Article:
Jun 18, 2017

Father’s Day 2017

Until I was fifty I thought I would never have children. I felt like the eternal boy who was happy never to grow up. I cherished my freedom and had no muscle in me that wanted to settle down. Then I met my wife Joan Hanley, who became a Sikh and changed her name to Hari Kirin.  When I met her she was pregnant with Abraham, and I thought nothing could ever come of that meeting that stunned me. But somehow we got together and had a child, Siobhán, who also became a Sikh and changed her name to Ajeet. So I became the father of two beautiful children, who have grown up into truly remarkable young people.

At first it was not easy being a father, though I felt deep love for the children and enjoyed family life. I was too much a child myself to take on the role of parent easily. But I always kept in mind my own father, who told me once that he had trouble growing up. He was young in spirit until the day he died at one hundred, but he was also wise and protective.

My father taught me many things, like how to cut wood with a hand saw, how to catch a baseball, why water condenses on a car windshield, how sperm swim eagerly to eggs, how to be a good husband, how to treat the elderly with respect, how not to be racist and how death is part of life. He did  not do this in passing but really took on the role of teacher. Once, when my mother was dying, he asked me and my brother to his house for a somewhat formal meeting on how to deal with medical issues as my mother’s condition deteriorated.

As a father he was a kind but firm leader. When other members of the extended family might be upset by an accident or a medical emergency or a death, he would come through, his emotions evident but not interferring, and deal with the problem. He liked to play:  cards, golf, children’s games, volley ball, baseball.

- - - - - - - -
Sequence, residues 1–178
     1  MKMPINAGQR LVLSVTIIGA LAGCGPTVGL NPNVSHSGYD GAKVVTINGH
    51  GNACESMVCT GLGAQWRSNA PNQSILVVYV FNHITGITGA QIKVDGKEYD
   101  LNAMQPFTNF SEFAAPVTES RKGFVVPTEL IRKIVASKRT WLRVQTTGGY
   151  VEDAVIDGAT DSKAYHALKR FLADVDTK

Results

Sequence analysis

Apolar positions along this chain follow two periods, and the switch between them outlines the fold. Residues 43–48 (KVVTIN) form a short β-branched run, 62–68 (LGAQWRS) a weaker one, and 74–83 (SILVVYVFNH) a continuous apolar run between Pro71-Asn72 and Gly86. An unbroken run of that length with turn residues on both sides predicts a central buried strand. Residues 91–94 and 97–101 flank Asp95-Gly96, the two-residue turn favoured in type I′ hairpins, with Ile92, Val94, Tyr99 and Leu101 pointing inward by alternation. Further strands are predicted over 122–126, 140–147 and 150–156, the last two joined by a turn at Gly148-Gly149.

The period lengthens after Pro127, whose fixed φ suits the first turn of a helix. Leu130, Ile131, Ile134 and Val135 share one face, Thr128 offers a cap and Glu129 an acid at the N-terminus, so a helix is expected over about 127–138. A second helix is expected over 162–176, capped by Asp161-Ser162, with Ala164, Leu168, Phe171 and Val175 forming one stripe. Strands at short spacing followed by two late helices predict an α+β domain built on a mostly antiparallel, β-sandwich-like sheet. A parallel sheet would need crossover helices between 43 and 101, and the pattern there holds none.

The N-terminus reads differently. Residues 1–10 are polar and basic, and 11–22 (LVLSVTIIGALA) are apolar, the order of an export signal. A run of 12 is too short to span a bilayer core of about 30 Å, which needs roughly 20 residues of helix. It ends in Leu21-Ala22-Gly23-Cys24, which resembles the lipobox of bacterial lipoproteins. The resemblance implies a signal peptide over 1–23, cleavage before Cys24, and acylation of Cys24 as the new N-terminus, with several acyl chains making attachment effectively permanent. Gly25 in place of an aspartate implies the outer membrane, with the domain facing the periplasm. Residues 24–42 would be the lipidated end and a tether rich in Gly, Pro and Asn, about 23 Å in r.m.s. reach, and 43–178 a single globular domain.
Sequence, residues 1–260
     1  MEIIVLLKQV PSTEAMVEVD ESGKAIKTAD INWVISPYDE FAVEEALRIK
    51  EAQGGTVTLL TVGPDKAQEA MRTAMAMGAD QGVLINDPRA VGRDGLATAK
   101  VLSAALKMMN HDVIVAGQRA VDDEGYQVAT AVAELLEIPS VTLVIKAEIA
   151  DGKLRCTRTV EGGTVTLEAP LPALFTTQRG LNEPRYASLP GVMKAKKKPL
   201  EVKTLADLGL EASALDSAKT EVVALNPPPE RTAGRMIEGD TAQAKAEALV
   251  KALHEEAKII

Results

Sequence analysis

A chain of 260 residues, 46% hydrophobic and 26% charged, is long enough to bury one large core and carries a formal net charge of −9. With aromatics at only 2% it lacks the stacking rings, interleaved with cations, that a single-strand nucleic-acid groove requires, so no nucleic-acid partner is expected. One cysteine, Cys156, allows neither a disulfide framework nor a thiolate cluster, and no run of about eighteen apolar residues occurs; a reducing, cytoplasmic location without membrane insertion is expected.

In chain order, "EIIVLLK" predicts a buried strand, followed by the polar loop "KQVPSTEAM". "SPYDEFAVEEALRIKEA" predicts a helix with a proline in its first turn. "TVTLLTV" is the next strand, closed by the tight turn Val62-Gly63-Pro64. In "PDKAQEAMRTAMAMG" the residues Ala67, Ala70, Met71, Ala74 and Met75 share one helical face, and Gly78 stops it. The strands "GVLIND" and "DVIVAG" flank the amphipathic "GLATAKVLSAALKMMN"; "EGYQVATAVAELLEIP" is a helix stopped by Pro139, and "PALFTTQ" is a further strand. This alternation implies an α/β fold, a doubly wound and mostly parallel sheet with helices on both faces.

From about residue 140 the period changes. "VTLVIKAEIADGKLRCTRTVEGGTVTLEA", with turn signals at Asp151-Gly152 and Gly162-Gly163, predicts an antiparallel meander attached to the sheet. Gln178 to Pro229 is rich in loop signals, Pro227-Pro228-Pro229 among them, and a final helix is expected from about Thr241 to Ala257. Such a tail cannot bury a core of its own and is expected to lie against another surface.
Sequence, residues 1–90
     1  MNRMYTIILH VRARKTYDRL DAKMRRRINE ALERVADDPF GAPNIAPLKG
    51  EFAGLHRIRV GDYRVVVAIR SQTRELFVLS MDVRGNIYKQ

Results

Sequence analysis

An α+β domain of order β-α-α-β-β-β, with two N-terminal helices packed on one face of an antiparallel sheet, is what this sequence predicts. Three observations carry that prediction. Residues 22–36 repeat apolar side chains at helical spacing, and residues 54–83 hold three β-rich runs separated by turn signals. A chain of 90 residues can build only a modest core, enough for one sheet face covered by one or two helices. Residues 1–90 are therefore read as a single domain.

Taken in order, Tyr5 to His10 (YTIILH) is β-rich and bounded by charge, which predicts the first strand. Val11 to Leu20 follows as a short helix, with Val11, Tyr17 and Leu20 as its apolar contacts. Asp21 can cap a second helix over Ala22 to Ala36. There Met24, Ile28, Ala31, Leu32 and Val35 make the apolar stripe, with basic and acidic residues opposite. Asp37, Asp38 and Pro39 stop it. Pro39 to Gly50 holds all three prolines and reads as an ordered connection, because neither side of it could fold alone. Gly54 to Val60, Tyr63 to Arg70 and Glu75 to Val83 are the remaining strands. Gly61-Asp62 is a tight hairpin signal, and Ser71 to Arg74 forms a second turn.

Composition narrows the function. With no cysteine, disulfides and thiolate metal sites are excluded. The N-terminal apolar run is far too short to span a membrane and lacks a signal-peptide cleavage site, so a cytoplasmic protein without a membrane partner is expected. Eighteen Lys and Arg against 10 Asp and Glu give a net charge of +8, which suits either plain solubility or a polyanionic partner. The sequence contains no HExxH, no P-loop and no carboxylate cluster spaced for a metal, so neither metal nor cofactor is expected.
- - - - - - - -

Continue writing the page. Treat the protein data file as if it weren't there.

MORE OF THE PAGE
So I had my father’s spirit to help me in the job I thought I would never have. I copied him, as best I could. I have always felt grateful to have had such a wonderful dad, and I’d give anything to be able to have a laugh with him this Father’s Day.

But I also think of Father’s Day as the commemoration of the Great Father, the fathering principle or archetype that holds the world together and that we need so badly today. When people, especially women, speak disparagingly of the patriarchy, I assume they are thinking of the absence of the real father spirit, usually replaced by an anxious, symptomatic, neurotic fathering that is overbearing, self-serving and aggressive.  This is not the father spirit but rather the bent insanity that fills in when the genuine father spirit is lost.